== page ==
BY JENNIFER OSBORN
The holiday season is upon us.
It’s actually been encroaching since Oct. 1, but I am one of those people who refuse to acknowledge this season of celebration and chaos until Thanksgiving Day. After that, bring it on!
I’m happy that Mother Nature is being so cooperative and generous with her mild weather, which means more time for outdoor runs and leisurely walks before the winter chill sets in.
I’m aware that not everyone is happy about this. After all, with the countless extra things that we take on at the holidays, the very least the weather could do would be to grant us an excuse to stay in and skip working out, right? I mean, no one would expect you to brave the cold and sleet simply to get to the gym or risk slipping on the ice during a run, would they? You could end up with a twisted ankle if you go running and it’s icy out! A much better idea is to stay in where it’s warm and cozy, and where there are a million little things to do, right?
Now, now, now. You know we can’t do that. As tempting as it sounds to skip workout time in favor of holiday preparations, this is truly a very bad idea. And I’m here to tell you why.
Several columns ago, I wrote about the debilitating effects that stress can cause. It’s so ironic that when we feel pressed for time and under the gun, the one thing that can make us feel better is the very first thing to go.
Exercise has the very powerful ability to reshape more than our bodies. It can rejuvenate our minds, our energy levels and our ability to cope with all of the additional tasks that lie before us. It can help to fight depression and lethargy. I don’t know one single person who has felt worse after working out. And if you are that one person, please email me because then I can stop saying that!
When I write about working out and exercise, I want to make it very clear that I know my readers vary greatly in fitness levels, abilities and interests. So please adapt what I am saying to what your specific needs may be.
That being said, I don’t care if you are a runner, a walker, a yogi or a power lifter. At some point everyone has to talk themselves into getting it on with their workouts. It’s not always easy to fit it in, yet for many of us, life seems so much more difficult if we do give in and skip that workout. There are no endorphins to boost us up, we may be missing that adrenaline kick, and then there is that nagging and persistent guilt that makes us feel even worse about ourselves.
Admit it — you talk to yourself much more harshly than you would EVER talk to one of your friends. So knock it off. Don’t get in that position in the first place.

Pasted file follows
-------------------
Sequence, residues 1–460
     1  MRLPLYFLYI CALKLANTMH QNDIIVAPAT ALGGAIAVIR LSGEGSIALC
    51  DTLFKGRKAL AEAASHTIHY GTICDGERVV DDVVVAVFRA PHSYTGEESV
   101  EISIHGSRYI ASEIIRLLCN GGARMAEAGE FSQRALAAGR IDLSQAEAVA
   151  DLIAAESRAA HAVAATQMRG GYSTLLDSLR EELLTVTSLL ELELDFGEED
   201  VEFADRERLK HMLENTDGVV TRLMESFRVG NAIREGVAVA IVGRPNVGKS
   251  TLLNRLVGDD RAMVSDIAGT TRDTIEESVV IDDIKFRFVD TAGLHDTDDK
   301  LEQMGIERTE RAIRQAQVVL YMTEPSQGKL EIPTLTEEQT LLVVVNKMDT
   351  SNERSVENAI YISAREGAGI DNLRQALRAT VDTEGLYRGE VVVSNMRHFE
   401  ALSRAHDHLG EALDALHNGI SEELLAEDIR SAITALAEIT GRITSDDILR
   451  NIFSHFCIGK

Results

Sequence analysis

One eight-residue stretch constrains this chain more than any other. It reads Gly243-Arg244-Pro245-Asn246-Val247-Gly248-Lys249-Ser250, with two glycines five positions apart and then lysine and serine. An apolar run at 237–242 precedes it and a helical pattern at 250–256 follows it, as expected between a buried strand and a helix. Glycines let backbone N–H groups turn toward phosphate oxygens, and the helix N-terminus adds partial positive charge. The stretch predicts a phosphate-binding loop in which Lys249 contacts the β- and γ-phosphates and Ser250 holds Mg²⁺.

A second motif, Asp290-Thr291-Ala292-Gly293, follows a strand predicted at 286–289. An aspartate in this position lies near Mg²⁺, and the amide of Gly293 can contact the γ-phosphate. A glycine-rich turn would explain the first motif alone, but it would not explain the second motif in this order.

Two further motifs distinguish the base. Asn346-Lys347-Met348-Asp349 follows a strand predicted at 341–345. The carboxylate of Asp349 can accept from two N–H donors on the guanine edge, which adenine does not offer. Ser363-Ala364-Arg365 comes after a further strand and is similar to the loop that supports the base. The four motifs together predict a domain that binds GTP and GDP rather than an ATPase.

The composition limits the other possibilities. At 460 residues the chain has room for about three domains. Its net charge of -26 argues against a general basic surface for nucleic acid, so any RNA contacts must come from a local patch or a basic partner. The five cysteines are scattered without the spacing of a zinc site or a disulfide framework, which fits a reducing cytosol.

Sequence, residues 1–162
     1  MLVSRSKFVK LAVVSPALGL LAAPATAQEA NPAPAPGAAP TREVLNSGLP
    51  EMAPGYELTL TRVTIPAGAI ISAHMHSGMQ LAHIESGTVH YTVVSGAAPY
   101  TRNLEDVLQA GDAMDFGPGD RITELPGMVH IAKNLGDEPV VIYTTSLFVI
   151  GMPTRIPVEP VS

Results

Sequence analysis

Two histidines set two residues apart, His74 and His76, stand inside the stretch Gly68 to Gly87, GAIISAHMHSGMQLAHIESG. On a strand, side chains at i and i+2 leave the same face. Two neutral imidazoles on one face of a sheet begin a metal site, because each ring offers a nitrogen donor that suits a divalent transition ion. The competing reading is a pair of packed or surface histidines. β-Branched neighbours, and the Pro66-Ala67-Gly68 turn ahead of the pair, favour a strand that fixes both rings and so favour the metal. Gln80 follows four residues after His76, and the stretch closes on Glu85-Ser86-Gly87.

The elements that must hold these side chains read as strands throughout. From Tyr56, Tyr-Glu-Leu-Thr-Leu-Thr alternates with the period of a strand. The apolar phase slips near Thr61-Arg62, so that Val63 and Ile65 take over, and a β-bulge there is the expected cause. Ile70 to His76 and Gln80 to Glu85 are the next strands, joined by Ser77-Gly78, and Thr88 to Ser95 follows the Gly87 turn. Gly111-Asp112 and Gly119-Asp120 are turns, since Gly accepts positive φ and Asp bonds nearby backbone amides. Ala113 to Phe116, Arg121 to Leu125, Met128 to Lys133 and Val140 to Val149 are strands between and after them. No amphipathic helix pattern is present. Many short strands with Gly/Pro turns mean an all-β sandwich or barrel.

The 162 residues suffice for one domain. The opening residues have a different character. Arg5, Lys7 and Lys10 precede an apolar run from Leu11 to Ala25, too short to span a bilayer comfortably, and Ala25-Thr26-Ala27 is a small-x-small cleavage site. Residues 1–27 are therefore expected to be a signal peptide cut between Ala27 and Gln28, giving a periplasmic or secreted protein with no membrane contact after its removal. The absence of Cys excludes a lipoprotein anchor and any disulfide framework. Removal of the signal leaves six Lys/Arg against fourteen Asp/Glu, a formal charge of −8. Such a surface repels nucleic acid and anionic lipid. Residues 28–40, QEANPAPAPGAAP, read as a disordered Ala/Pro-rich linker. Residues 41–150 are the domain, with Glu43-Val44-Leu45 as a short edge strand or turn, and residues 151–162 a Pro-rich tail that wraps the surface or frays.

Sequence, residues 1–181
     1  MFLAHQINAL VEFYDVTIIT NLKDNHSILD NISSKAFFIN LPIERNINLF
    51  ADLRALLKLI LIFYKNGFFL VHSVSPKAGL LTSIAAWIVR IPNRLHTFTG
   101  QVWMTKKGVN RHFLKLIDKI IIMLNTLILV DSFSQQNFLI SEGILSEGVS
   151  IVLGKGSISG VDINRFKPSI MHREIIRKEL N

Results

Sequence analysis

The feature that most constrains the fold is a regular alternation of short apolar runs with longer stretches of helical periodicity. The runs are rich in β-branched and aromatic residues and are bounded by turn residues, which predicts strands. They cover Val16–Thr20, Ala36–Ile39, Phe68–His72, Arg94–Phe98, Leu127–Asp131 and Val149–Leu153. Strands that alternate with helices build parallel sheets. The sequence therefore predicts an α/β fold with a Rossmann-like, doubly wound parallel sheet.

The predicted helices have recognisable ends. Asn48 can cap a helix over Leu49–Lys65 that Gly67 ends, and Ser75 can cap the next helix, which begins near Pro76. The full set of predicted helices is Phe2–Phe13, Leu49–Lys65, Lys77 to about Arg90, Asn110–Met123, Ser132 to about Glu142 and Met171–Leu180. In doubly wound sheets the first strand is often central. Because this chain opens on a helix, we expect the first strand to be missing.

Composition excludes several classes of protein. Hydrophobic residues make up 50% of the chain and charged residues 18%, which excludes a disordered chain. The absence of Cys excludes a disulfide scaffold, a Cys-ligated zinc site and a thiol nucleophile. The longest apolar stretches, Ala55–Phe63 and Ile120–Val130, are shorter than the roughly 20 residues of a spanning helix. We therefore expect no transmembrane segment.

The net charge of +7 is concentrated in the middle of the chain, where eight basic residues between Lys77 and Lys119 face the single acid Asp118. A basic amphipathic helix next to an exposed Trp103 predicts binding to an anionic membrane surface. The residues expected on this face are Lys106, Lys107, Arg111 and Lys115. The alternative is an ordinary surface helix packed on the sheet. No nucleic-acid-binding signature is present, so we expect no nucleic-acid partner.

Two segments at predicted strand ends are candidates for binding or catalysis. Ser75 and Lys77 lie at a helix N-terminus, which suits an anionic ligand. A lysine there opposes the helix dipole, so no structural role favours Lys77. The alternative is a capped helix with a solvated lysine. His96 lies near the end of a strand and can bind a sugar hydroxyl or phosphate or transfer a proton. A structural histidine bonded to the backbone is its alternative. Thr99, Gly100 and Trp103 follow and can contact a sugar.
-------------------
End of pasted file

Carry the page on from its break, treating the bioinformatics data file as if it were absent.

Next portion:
And don’t worry so much about weight loss right now. Focus on staying steady, staying sane and maintaining your fitness level.
I have a few tips for you now, and in the next column I’ll break it down with some quick but effective exercises that can be easily modified and adapted for ALL fitness levels. So get up, get ready and get rid of that nagging inner voice.
- • There are two times that are proven to be more effective in maintaining an exercise program: first thing in the morning or directly after work. Choose one that fits into your schedule. Be ready to switch to the other if conflicts arise.
• Change your mindset and make exercise a PRIORITY in your day, just like all of the other things. Instead of making it the first thing to go when you are under the gun, accept that everything else will get done with more energy and mindful awareness if you actually DO exercise. Don’t eliminate it. Trust me on this.
• Are you exhausted? Lethargic? Lacking in energy and motivation? GET THEE TO A GYM! Or a pool, playground or sidewalk. It doesn’t matter! Just exercise! You will get back all of the energy you are missing and then some! You can do some Tabata sets for 4 ½ minutes and feel much better. You already know this!
• Grab a friend, neighbor or child and make a commitment to honor that time together. You can socialize and motivate each other. And you will most likely laugh, which is also much needed right about now.
• Do something that you enjoy. Swim at one of the indoor facilities, play tennis, go for a walk downtown or on campus, run on the river trail or at Clinton Lake. Just move. Get your heart rate up. And enjoy doing something that is 110 percent good for you!
— Jennifer Osborn can be reached at email@example.com.